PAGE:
The amine treatment process is one of several “sweetening” processes that allows the removal of excess carbon dioxide (CO2) and hydrogen sulfide (H2S) from acidic or sour gas and natural gas liquid (NGL). When collected, natural gas contains varying amounts of these substances. Aside from hydrogen sulfide being a risk to human health, it and carbon dioxide — when bonded with water — form sulfuric and carbonic acid respectively. These acids create corrosion problems in pipelines and other distribution systems.
In some cases CO2 and H2S can be vented or flared to the atmosphere; however, environmental regulations around the world restrict how much H2S can be flared, requiring a treatment process using special catalysts and solvents to safely remove it and CO2 . Amine treatment units have various components, but the main idea behind them is to use a calculated concentration of an aqueous solution of alkylamines or “amines” to absorb the gases from the sour gas in an absorber. The “sweet” gas is then lifted out while the amine solution rich in acid gases then passes through a flash drum and a regeneration unit that separates the acid gases out of the amine solution. The acid gases typically are ushered off to a sulfur recovery unit while the scrubbed amine solution is reused.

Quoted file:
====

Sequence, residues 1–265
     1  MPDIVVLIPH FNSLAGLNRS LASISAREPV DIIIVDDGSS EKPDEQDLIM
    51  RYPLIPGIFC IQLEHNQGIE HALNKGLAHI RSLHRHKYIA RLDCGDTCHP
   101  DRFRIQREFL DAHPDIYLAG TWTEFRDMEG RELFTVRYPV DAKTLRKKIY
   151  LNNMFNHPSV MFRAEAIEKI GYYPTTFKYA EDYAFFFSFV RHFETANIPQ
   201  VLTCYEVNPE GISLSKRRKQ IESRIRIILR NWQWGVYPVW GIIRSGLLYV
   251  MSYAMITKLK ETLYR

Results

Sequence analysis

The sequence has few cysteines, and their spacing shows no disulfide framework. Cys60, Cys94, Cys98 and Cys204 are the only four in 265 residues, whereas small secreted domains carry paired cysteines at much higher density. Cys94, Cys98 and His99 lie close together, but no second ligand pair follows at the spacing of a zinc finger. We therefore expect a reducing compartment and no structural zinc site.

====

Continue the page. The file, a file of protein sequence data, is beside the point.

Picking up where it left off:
Modern amine treatment units are typically able to be customized to handle various circulation rates and different types of amines, from diethanolamine (DEA) to diglycolamine (DGA). Additionally, the components most susceptible to corrosion are crafted from low-carbon stainless steel like 316L. The design process takes into account the benefits of modular design, with many units ultimately getting built into compact skid designs for rapid installation and maintenance. These design choices not only make initial installations easier; they also provide significant flexibility for facilities to efficiently make brownfield modifications to their systems as technology advances and equipment wears down.